My abortive meeting with my assigned editor took place on the penultimate afternoon of the conference. The next morning we were to finish up in a group summary meeting with Our Leader.
For some reason I can’t recall, I was eager to meet with him one more time. I made my way to the conference site before daylight in order to be at the front of the line. Along with a woman with whom I had been friendly, I managed to get a slot at the table as we ate breakfast in a crowded coffee shop. What in the world did I want from him at that point? To salvage something from the ruins of my experience (“Is it time travel? Reincarnation? Oh, wait, he must be already dead!”)? To pitch my other book? Who knows.
I do remember that he rewrote my friend’s pitch, ad hoc, in one breath, and that, were I a fan of such topics, I would have found his version immeasurably better. She still had her meeting ahead of her. So she faced the day armed with his words.
I remember as well talking about my other book, my “Sarah” book. He began excitedly weaving a resolution to the deep personal crisis Sarah faces, one that in my formulation would carry her through three books, each with its own sub-crisis and plot. I said, “That sounds like something to consider for the third book.”
“Oh, no,” he responded. “That’s the first book!”
I have already written the first book. I said, “I write my own books, thanks.”
I don’t recall that he took offense at this. Perhaps he secretly did.
Our final meeting consisted of congratulations for all those (most) who had been invited to submit manuscripts to major New York houses. This fortunate group included my friend, who was now supposed to write the book she had been given. I think he generously pretended that I had been given permission to send along my Sarah book. Then he said something I didn’t expect.
“I worry,” he said, “that you’ll all send in your stuff before it’s ready. Don’t do that. Make sure it’s ready.”
My perhaps ungenerous translation: “My business is running these workshops. I have to be able to say that publications come out of them. Most of you have no manuscripts, just ideas. Most of you have never produced anything like a book-length manuscript. You don’t actually know what you’re getting into. Please, some of you, take the time to write something that won’t waste these editors’ time.”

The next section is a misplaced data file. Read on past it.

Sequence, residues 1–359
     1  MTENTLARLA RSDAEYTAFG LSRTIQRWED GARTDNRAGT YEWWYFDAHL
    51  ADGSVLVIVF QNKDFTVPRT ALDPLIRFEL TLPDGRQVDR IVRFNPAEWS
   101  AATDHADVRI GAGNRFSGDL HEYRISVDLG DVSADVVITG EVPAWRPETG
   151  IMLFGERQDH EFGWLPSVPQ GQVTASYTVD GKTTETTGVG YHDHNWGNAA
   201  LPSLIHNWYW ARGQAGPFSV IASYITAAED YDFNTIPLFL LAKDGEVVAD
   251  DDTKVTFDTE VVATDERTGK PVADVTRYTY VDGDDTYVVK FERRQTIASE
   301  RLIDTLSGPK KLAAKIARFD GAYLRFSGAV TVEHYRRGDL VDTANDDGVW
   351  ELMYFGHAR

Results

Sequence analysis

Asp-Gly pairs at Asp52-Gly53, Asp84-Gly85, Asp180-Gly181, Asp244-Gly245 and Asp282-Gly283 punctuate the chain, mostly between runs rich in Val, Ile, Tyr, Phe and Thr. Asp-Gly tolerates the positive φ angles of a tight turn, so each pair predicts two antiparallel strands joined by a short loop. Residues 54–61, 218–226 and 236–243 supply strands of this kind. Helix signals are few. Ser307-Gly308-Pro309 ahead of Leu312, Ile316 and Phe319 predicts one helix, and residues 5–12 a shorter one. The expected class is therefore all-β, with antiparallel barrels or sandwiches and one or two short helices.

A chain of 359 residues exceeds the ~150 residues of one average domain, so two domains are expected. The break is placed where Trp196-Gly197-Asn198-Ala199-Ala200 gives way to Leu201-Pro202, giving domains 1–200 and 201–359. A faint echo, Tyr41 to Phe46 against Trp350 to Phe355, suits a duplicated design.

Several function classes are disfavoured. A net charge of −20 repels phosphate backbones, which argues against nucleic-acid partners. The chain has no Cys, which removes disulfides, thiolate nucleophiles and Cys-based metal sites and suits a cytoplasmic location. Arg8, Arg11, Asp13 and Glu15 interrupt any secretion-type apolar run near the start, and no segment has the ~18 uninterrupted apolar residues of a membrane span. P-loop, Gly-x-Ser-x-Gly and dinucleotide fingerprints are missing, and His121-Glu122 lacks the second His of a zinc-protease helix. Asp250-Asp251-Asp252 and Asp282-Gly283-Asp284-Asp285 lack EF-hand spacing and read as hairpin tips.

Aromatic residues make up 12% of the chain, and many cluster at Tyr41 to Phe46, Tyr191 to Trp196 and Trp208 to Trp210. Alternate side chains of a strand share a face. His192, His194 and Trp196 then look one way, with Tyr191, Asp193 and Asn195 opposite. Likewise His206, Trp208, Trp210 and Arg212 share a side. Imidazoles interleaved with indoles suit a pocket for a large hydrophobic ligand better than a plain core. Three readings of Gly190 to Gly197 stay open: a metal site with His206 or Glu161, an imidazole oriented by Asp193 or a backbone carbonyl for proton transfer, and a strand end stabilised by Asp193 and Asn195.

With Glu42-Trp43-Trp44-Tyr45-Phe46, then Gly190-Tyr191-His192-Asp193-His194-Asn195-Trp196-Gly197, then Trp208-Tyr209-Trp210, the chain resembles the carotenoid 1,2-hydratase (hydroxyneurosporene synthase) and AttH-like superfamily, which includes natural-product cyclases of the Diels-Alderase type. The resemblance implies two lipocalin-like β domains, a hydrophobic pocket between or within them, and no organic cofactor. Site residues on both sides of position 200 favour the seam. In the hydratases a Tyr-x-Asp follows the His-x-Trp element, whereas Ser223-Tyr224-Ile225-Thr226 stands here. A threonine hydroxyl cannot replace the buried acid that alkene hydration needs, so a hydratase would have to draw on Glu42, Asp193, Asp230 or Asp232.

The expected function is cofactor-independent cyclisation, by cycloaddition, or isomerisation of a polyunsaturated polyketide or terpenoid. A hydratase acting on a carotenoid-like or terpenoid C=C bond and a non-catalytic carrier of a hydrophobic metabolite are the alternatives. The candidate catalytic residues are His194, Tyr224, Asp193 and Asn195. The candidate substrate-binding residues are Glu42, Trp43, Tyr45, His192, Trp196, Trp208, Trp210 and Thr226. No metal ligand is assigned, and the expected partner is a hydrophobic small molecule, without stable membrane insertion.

I find myself thinking about several things, remembering this comment. We were apparently selected to attend, to have the chance to meet with REAL EDITORS, on the basis of a one-page synopsis and a bio. Such application materials gave us the chance to make a preliminary pitch and gave the conference planners a chance to verify that we could actually construct reasonable English prose. But I wonder: is that enough? Are you really ready to write a book if you can sell an idea?
I have learned enough about my writing process to know, that for me, the answer is an emphatic NO. For me, there is nothing so demoralizing as knowing that the book isn’t working but that I must deliver. Write a draft. Share the draft with a conscientious critique group. Yes, it takes more time, with no more guarantees of eventual attention from an agent or publisher than if I had simply mailed off the first chapter and a treatment. But it makes the process rewarding. I can write a book that has a chance of working. Not being a genius, and not having a formula, for me, that is feat enough.